The Los Angeles Angels are in talks with the city about the possibility of moving the team to Long Beach and building a new stadium on a Downtown waterfront lot, several sources familiar with the discussions told the Post.

The team’s arrival couldn’t happen any sooner than the 2021 season; the Angels in January extended their lease with Anaheim through 2020.

Significant details are not yet clear, such as the cost of the proposed stadium and who would pay for it. Many layers of approval would also be required.

Those familiar with the talks said the stadium would potentially be constructed on a roughly 13-acre lot southeast of the Long Beach Arena and Performing Arts Center. The “elephant lot”—so-named for its days hosting the Ringling Bros. Circus—is among the largest undeveloped parcels of land in Downtown Long Beach.

“We are in the early stages of our due diligence and are exploring a variety of options for this property,” Mayor Robert Garcia confirmed in a statement Monday evening. “We have approached the Angels to express our interest and discuss the possibilities of this opportunity.”

Angels President John Carpino sent a statement on the possible move late Monday night: “As we have stated from the beginning, we must explore all our options to secure a long-term future for the Angels and provide fans with a high quality experience in a renovated or new ballpark.”

During a talk in August about economic development, Garcia noted that the lot would be large enough for a venue the size of the Staples Center—or a baseball field.

“We need to do a better job of developing and embracing our waterfront,” Garcia said at the time.

This image from Google Earth shows the Long Beach Arena to the left (the circular blue structure) and the roughly 13-acre “elephant lot” to the right where city officials are negotiating to build a stadium for the Los Angeles Angels of Anaheim.

The lot is in a designated Tidelands area, so any project would need approval from the California Coastal Commission.

The city would have to consider several obligations in place for the site:

  • Its contract with the annual Jehovah’s Witnesses convention, which has rented the space through 2029.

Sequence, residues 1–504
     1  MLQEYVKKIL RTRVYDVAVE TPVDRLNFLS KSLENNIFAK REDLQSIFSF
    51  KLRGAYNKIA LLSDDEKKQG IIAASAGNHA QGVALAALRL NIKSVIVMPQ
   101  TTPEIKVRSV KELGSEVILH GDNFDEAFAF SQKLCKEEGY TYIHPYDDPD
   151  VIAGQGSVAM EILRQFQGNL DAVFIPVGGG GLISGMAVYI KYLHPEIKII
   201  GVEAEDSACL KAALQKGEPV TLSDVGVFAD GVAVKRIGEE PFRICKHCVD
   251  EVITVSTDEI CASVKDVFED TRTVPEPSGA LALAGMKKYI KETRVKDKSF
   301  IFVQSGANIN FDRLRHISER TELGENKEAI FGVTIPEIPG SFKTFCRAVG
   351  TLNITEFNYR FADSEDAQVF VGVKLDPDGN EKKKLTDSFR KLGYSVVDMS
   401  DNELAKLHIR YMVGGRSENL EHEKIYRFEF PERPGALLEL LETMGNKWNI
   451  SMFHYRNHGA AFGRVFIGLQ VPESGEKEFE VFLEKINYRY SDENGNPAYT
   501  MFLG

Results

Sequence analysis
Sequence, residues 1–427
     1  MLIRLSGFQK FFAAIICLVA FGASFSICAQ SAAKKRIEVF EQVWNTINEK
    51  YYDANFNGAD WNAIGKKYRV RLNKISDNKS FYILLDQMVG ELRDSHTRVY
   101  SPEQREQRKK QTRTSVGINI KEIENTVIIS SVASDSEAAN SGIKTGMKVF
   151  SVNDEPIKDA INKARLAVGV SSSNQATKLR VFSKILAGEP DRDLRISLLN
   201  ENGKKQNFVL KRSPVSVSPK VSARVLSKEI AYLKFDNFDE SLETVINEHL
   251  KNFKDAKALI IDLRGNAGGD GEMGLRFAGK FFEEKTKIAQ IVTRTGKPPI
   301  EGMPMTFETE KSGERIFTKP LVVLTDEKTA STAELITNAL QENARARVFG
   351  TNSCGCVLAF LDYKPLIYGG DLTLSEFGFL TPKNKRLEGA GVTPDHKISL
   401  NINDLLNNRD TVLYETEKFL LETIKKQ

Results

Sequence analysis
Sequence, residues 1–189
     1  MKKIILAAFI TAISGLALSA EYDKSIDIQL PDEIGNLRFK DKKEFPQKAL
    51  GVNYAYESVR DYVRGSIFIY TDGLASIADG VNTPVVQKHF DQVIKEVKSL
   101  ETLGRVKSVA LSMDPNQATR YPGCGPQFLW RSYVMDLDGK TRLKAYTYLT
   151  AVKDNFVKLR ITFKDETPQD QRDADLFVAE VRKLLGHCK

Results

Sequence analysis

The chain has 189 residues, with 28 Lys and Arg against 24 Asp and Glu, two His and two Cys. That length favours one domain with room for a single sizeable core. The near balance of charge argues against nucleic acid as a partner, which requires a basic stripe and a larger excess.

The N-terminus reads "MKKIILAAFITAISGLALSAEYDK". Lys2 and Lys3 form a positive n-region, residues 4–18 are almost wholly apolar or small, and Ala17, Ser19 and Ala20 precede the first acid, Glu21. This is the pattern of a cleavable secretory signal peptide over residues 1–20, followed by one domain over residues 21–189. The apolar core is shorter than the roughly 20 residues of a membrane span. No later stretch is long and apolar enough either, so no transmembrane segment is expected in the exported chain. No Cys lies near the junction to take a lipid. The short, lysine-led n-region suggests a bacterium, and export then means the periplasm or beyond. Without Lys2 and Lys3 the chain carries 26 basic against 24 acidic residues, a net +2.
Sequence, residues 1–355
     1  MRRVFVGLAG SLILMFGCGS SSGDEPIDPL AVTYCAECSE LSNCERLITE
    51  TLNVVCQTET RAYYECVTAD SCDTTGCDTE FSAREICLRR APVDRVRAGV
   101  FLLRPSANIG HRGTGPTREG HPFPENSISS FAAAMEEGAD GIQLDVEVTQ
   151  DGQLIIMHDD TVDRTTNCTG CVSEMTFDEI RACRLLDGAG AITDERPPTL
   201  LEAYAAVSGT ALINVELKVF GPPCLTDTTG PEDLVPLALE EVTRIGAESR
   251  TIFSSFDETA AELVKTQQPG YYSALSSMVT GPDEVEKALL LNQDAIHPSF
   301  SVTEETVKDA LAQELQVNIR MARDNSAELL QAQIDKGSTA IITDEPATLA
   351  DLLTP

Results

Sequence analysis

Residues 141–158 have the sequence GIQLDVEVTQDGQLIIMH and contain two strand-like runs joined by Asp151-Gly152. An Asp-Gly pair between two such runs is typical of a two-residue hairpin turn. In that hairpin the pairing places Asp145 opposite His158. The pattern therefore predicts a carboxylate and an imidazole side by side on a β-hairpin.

• The Grand Prix track also runs along Shoreline Drive near the lot, which is now used mostly for surface parking.
  • In 2017 it was announced that the site would host portions of the 2028 Olympic games being hosted by Los Angeles. Among the sports slated to be played in Long Beach are BMX and the triathlon, which could potentially be played inside any potential future baseball stadium.

Garcia said in August the city was undergoing a “visioning process” and forming a group of community leaders to help decide uses for the site.

The development of the elephant lot is to be part of a larger plan to rezone and develop the entire Downtown coastal area south of Ocean Boulevard, the mayor said months ago. The changes would put Long Beach on par with other waterfront cities, like San Diego, he said.

The “Elephant Lot” is the largest undeveloped coastal land in Long Beach August 27, 2018. Photo by Thomas R Cordova
This roughly 13-acre lot near the Long Beach Arena is the largest undeveloped coastal land in Long Beach. Photo by Thomas R. Cordova.

Anaheim negotiations

The Angels have been playing at the Anaheim stadium since 1966. It is the fourth-oldest ballpark in Major League Baseball.

The Angels in October opted out of their long-term stadium lease with Anaheim after talks with the city broke down. The move allowed the team to explore other venues.

Originally the lease extended only through the 2019 season, but in January the city and team officials agreed to a one-year lease extension through 2020.